So, most of the time when someone mentions Harley-Davidson, a few things spring to mind. Chrome, loud exhausts, black leather, big handlebars, you see where I’m going here. And, if I’m honest, for many years that’s kinda what sprung to my mind too. What a lot of people don’t expect, is a right up to date, vintage-look motorcycle that quite frankly just oozes cool. So, first things first, the science bits. At the heart of the Forty-Eight is the latest incarnation of Harley’s 1200 v-twin (the Evolution engine), which is rubber mounted to the frame. Holding up the back is a traditional twin spring setup, and it must be said they do soak up a lot despite their basic look.
If I’m honest, I think one of the biggest draws for people with this bike, will be its style. Its just right. No matter what way I look at it, it just looks great. Physically, its a small enough bike, not huge, long or heavy like some of its bigger brothers in the range – and very easy to move around the garage. Sitting onto it, you instantly feel like you’re going back in time in a bizarre way. Foot rests are forward, but not too forward, and there’s a bit of a stretch to the bars, but again, not by much. The bike I’m on has the standard exhaust fitted, which at idle is loud enough (not the usual Harley loud) and in this case, is ideally matched to the bike.
One of the features I liked most about the Forty-Eight is the big chunky front tyre – its really helps complete that old-school image the bike sets out to achieve. I wasn’t quite sure how it would perform in the handling department, but once rolling, you don’t really notice the tyre feeling or behaving any differently to pretty much anything else. Pottering through Dublin city centre, the bike filters around traffic like a cinch. All of its 257 kg (wet) weight is located very low down, under hip level, so its quite easy to throw about the place. Moving out of town and onto the bigger roads shows how easily this Evo engine can pull from low revs. I constantly find myself having an extra gear in hand, such is the torque – a nice thing to have. On the motorways, despite being totally naked, the bike feels really very planted. I was expecting to be buffetted and blown about much more than I was. Granted, this bike is much more of a town bike than a motorway cruiser, its still nice to know it can hold its own out there.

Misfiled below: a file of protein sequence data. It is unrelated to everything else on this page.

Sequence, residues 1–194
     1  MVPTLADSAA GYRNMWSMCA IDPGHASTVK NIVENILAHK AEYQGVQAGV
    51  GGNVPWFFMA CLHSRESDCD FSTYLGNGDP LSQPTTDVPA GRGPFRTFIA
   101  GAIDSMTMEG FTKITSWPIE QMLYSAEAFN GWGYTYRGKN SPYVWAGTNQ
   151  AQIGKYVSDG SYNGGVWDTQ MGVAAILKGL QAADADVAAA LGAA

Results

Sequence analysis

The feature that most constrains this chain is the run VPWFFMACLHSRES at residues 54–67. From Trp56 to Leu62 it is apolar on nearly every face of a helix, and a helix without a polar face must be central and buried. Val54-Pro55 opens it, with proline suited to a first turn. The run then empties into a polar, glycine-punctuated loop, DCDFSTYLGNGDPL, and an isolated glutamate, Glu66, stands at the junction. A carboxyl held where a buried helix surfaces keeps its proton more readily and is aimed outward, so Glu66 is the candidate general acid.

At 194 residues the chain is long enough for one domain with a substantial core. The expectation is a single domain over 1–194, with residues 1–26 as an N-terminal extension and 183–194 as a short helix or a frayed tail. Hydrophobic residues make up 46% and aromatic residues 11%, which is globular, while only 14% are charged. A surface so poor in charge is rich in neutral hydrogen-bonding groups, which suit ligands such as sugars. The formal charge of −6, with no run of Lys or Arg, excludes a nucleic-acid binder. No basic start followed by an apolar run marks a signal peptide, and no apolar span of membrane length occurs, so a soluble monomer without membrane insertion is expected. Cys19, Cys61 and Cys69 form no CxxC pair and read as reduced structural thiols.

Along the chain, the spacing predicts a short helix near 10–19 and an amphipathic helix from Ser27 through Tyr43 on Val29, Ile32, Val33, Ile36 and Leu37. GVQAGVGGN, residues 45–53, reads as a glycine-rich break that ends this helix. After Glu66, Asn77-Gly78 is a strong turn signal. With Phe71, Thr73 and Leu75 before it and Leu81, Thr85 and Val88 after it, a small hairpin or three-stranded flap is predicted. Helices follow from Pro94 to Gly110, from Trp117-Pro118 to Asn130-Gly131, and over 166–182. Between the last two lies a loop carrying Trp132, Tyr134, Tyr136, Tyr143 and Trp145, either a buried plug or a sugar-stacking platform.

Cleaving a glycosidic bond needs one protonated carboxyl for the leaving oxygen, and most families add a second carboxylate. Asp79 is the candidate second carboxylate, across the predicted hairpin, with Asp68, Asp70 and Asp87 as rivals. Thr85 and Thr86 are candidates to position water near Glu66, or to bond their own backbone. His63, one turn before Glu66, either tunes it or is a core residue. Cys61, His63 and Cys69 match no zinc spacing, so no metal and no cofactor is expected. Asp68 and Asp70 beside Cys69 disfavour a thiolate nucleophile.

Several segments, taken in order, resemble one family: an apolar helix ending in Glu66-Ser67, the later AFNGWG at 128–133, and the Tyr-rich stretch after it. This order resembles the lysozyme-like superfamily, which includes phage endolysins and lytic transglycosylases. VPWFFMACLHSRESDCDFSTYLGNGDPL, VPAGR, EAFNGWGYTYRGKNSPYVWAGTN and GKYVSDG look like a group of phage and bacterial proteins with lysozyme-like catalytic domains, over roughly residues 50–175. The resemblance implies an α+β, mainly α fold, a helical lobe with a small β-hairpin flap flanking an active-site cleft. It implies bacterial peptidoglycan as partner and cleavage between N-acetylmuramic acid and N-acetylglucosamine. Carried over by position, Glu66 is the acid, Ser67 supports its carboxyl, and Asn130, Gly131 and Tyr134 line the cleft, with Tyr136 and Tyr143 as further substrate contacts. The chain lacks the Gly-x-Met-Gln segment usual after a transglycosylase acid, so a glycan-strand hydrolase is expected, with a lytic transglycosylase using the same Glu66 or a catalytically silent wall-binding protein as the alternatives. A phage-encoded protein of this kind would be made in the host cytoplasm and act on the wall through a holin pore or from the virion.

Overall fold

The only real drawback I found with it, and its a big/small one, is the fuel tank. Its rather small. So much so, that you can see the backbone of the bike exposed in a gap between where the tank ends and the seat starts. But even so, this deliberate styling makes the bike what it is. An interesting chat with a very knowledgable Harley man, who was at the original US launch, explained to me that the tank was left as small as it was after Harley surveyed a section of their riders and found that most only made very short trips to local coffee shops on the weekends, so a bigger fuel tank wasn’t deemed necessary. For daily bikers, it will be a nice opportunity for you to get to know your local service station staff that bit better, but for me, it was the only real downside to the bike.
All things said, the Forty-Eight is the bike for you if you enjoy going out for a nice cruise on a nice day and not wanting to be in any great rush about it. And its not that the 1200 motor isn’t fast – it is, but what I mean is that this bike really does help you just chill out and enjoy the ride. For me, this bike is the best modern retro style bike out there at the moment. Yes, Triumph’s Scrambler and Bonneville are (almost) exact replicas, but I nearly feel like they’re trying too hard. Whereas Harley-Davidson, with the Forty-Eight, have hit the nail on the head and ticked all the right boxes.
If Steve McQueen were about these days, I think he’d be on the Hog.